Corydon
Arizona
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Jan 5 Corydon commented on Savage Love Letter of the Day: Trump Supporters Want Invite To Their Gay Wedding.
My advice comes with the assumption that the invitees all genuinely want to celebrate your marriage with you. If they're only coming to tell you you're going to hell (hopefully in a lovely and tasteful handbasket) then they got no business being there.

Having said that: There is one very important statement that you can make here that helps spread LGBT equality. That is, that a marriage, yes even a same-sex marriage, is not a political event. That what you are doing is entirely and completely normal (which it is).

That means that neither Clinton nor Trump are invited to the party. The wedding is about you two. Not Republicans or Democrats or whatever.

And part of any normal wedding that doesn't involve eloping off to the JP is that the entire family gets involved. Yes even the crazy ones. Yes, even the relatives no-one likes. You're marrying this guy, you get his family as part of the bargain. That's what marriage is.

So be gracious. Invite everyone you would invite as if you knew nothing of their politics. Start off your marriage on a note of generosity and desire for everyone to come together.

Snubbing people right off the bat will only lead to further conflict down the line. That may be inevitable depending on the personalities involved, but the grievance machine should not start with you.

For all of the above reasons, I don't think you should turn your wedding into a political fundraiser either. Like I said, this is about you and your husband-to-be. Let your wedding be a celebration of that.
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Jan 4 Corydon commented on The Big Secret I've Been Keeping from My Skater Bro Friends.
@10 There's a certain amount of this that's internal to the guy who's working through coming out. I'm of the opinion that coming out will always have at least some anxiety simply because by definition, you aren't conforming to social norms. Then there's also the "Velvet Rage" hypothesis that states that you're initial experience of sexuality is almost always going to be based on rejection, simply because of the overwhelming likelihood that your first crush will be straight.

Looking back on my own experiences, I think the biggest thing that helped me out was not being first. Once I saw someone else come out and be met with acceptance, it made it much easier for me to do the same. Which puts more of the onus on the rest of us LGBT people, which is fine with me. I kind of like looking after our own :)

I know a lot of the derogatory terminology often comes up in these discussions. I'm not going to say that I wouldn't mind seeing words like "fag" or "gay" or "dyke" or "trannie" used in a derogatory sense go away, but ultimately I don't think policing the vocabulary is as important to helping people come out. Words frequently have multiple meanings, and shades of meanings. Human beings are pretty good at ferreting out the intent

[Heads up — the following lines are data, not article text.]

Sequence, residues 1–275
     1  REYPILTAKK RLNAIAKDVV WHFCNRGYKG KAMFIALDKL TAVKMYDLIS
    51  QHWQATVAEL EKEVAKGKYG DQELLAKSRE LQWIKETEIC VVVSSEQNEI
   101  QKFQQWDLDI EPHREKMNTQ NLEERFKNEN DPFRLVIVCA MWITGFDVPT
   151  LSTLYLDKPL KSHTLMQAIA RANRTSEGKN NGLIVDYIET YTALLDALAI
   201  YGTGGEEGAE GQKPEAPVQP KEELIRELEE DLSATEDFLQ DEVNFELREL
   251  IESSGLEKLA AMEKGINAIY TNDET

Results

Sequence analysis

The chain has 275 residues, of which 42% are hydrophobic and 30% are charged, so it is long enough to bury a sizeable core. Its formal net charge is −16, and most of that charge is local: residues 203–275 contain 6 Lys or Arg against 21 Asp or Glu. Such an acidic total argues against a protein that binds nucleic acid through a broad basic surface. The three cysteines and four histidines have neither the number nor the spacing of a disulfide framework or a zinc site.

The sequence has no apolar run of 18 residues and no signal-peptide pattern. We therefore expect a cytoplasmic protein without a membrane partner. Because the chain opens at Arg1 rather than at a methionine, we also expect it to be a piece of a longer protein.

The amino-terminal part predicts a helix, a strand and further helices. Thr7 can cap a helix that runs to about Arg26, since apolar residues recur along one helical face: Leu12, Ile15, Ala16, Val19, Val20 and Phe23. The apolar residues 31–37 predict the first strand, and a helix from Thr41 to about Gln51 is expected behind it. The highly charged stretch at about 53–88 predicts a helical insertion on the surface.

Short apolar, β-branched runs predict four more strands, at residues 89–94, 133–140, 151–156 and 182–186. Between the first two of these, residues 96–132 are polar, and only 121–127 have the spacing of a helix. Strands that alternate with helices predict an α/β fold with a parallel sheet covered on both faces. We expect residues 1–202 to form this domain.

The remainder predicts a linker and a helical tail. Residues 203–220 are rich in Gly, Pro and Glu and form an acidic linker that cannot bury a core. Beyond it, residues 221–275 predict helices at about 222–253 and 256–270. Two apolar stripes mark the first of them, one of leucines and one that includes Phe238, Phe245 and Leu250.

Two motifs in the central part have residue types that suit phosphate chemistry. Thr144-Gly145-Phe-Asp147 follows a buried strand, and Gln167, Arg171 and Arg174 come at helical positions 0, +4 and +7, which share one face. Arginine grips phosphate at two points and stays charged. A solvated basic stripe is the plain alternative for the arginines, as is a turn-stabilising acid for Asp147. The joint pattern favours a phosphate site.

I will use the word "straight" as a synonym for "gay"="bad" just to tweak my straight friends who may use it unthinkingly, but unless it's used with malicious intent, I'm not too worried about it and, for me anyway, I don't think the use of words like that ever contributed to my decisions to come out to anyone. YMMV of course.
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Jan 4 Corydon commented on The Big Secret I've Been Keeping from My Skater Bro Friends.
Great article. I really enjoyed it.

I felt there were a lot of parallels with what I went through way back in the '90s when I was in the Army. That's of course, is also an institution with a hypermasculine, very heterosexual culture, with the added bonus of having had the closet actually written into the law of the land in the form of Don't Ask Don't Tell back then.

I was very well aware of my sexual orientation when I enlisted. One of my motivations for enlisting was to say "Fuck you! You can't keep me out!" if only in my own head. I went through a lot of the same mental gymnastics to justify not coming out even to my closest friends there (I'd frame it in my own head as just 'respecting' them and their orientation).

In retrospect, I'm pretty sure that if I had come out or been outed in some way, the overwhelming majority of the men in my company would have been fine with me, if only because I'd more than proven myself as a soldier and friend (though the thought that I need to "prove myself" still irks, even as I still feel it). The fact of the matter is that when I have come out of the closet, at work or school or wherever, I've always had the same good experience as you have. I still can't quite bring myself to believe that it will always be that way though.

Anywhere, lots there that I can identify with. Thanks again for the article!
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Jan 3 Corydon commented on Megyn Kelly Leaves Fox News for NBC.
Technically, Santa Claus (=St. Nicholas of Myra) is Greek, so actually would fall under the conventional definition of white.
Dec 28, 2016 Corydon commented on How Writing for The Stranger Made Me Blacker.
Identity is a tricky thing.

On the one hand, I think one great aspiration is to be able to offer all children the kind of upbringing you were given. There's a lot to admire in that kind of unawareness of race. As a somewhat conflicted liberal, I distinctly remember believing that this was the sort of society to work towards.

Except for all of the problems that Wood brought up. The price that white America charges for this post-racial society is the same it has charged immigrant groups: assimilation. And African-American culture has proven remarkably resistant to assimilation (in large part because broad segments of white America refused to admit black America into the melting pot at all, but also because of unwillingness to "act white," i.e. assimilate).